The Ministry of Antiquities has retrieved a relief that was stolen from the wall of the 13th dynasty King Sobekhotep's tomb in Luxor and illegally smuggled out of the country last century.

    The German Cultural Center in Cairo said in a statement on Wednesday 6/8/2014 that the Egyptian Embassy in Berlin got the artifact several days ago


  • 07 Aug 2014 8:35 AM | Gary Nurkin (Administrator)

    FBI Returns Ancient Sculptures to Turkey


    In a ceremony at the Turkish Embassy in Washington, D.C. on August 5, 2014, the FBI returned to Turkish authorities 10 funerary sculptures stolen many years ago from the Republic of Turkey. Assistant Director John Boles, representing the FBI, handed the artifacts over to Serdar Kilic, Turkish Ambassador to the United States. The items, dating from the 1st to 3rd centuries A.D. from ancient Lydia in western Turkey, eventually made their way to a gallery in the U.S. but were formally returned after an investigation by the FBI’s New York Field Office.

  • 05 Aug 2014 2:51 PM | Anonymous

    Nigerian officials claim that diplomacy will help in efforts to repatriate cultural artifacts.

  • 05 Aug 2014 2:49 PM | Anonymous
    Syrians are risking their lives to protect cultural heritage in their country.

  • 05 Aug 2014 11:20 AM | Gary Nurkin (Administrator)

    Safeguarding Heritage Sites in Syria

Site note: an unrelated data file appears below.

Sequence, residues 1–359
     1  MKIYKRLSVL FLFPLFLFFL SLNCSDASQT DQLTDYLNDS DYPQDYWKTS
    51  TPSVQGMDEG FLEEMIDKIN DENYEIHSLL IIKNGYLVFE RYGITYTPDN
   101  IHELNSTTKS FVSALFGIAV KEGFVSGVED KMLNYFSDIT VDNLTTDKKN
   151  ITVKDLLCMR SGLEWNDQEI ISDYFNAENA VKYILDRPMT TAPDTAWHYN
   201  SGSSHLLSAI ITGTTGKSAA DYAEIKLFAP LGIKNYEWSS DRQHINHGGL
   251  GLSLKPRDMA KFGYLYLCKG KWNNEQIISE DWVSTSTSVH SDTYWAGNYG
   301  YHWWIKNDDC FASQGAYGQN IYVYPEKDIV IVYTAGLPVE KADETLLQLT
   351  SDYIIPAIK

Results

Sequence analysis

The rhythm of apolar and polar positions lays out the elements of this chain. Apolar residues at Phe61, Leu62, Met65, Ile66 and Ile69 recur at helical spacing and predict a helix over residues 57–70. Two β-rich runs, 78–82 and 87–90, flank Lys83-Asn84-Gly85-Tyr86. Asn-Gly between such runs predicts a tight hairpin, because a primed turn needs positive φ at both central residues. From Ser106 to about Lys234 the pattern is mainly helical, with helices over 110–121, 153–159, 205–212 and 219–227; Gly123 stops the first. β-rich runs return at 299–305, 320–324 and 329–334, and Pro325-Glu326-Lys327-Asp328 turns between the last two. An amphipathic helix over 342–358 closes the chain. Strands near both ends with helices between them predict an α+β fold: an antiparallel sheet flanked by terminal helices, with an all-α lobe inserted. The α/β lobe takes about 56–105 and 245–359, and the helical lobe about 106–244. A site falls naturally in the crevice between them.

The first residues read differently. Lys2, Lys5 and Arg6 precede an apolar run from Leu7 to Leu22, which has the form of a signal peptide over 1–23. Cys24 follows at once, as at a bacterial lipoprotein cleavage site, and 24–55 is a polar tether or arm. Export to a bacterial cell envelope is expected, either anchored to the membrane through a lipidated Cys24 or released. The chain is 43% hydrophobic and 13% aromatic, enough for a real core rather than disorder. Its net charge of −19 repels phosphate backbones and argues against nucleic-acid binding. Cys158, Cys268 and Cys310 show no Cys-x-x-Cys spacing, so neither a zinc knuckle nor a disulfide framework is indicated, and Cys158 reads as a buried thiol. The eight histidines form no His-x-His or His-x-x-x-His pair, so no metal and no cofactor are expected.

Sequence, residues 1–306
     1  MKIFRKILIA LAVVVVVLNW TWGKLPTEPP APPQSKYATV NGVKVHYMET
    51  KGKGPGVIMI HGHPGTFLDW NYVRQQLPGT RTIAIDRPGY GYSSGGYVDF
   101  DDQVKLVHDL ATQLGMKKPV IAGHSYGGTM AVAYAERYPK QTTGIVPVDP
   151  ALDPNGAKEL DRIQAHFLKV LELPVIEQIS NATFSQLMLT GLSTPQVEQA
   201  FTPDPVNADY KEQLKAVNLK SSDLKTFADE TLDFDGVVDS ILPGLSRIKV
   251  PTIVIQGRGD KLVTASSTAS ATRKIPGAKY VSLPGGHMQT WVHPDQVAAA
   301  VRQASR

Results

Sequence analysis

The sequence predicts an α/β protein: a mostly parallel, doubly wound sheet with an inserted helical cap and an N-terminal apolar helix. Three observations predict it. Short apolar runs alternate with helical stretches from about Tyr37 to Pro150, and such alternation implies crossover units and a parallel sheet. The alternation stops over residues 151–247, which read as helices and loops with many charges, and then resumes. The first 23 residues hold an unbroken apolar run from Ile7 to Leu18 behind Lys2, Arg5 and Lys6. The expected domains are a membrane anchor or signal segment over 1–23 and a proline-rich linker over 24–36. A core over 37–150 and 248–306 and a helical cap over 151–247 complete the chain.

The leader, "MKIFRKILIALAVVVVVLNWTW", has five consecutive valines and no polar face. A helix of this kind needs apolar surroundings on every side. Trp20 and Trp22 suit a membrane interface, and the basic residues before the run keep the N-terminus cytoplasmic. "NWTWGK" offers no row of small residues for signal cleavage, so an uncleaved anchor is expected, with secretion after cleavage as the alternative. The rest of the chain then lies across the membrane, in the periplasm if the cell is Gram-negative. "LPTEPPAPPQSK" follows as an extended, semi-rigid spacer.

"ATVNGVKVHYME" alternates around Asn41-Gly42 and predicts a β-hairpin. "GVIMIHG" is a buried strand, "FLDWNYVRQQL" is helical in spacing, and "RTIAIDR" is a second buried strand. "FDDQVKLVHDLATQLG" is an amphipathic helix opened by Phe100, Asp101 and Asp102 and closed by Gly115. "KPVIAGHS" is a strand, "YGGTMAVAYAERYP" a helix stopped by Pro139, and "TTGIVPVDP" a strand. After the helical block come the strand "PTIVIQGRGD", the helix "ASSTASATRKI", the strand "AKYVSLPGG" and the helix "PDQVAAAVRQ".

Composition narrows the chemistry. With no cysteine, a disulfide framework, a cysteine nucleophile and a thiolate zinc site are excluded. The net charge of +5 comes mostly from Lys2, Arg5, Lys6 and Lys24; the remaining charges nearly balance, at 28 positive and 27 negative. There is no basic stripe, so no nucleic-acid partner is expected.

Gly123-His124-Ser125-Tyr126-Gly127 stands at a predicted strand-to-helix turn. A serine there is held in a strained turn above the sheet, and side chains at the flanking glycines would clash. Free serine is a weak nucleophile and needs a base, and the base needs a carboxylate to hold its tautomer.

Media Note

    Office of the Spokesperson

    Washington, DC

    August 4, 2014

    The U.S. Department of State and the American Schools of Oriental Research (ASOR) have signed a $600,000 cooperative agreement to comprehensively document the current condition of cultural heritage sites in Syria and assess the future restoration, preservation, and protection needs for those sites. ASOR’s documentation and planning will raise global awareness of the threats to Syria’s cultural heritage and identify immediate or future projects and assistance that can be carried out and provided inside Syria.

  • 05 Aug 2014 7:42 AM | Gary Nurkin (Administrator)

    U.S. returning ancient Greek coins after Manhattan DA prosecutes prominent collector

    Manhattan District Attorney Cyrus R. Vance Jr. will return to Greek officials some ancient coins following the prosecution of a noted Rhode Island hand surgeon caught peddling forged coins at an auction at the Waldorf-Astoria in 2012.

    Monday, August 4, 2014, 11:09 AM

    NEW YORK undefined Some ancient coins are being returned to Greece after the New York prosecution of a prominent collector from Rhode Island.

    Manhattan District Attorney Cyrus R. Vance Jr. and Greek officials scheduled a ceremony Monday marking the repatriation of coins dating to 500 B.C.

    Read more:

  • 31 Jul 2014 1:13 PM | Gary Nurkin (Administrator)

    Group demands return of looted Benin Artifacts

    BENIN CITY- Nearly one year following the controversial opening of Benin Kingdom Gallery by the Massachusetts Museum of Fine Arts (MFA) in Boston, the original owners of the priceless treasures are not giving up the fight for the return of their cultural inheritance.

    Edo United for Homeland Empowerment, a Human rights group, with headquarters in Boston Massachusetts is demanding the return by MFA to Benin of all stolen Benin Kingdom artifacts in its possession.

    The groups position was contained in an electronic mail to The NIGERIAN OBSERVER in Benin City

2600 Virginia Ave., NW, Suite 1000, Washington, DC 20037

Site Map · Terms of Use · Contact Us

©2000-2010. Lawyers' Committee for Cultural Heritage Preservation. All rights reserved.

Powered by Wild Apricot Membership Software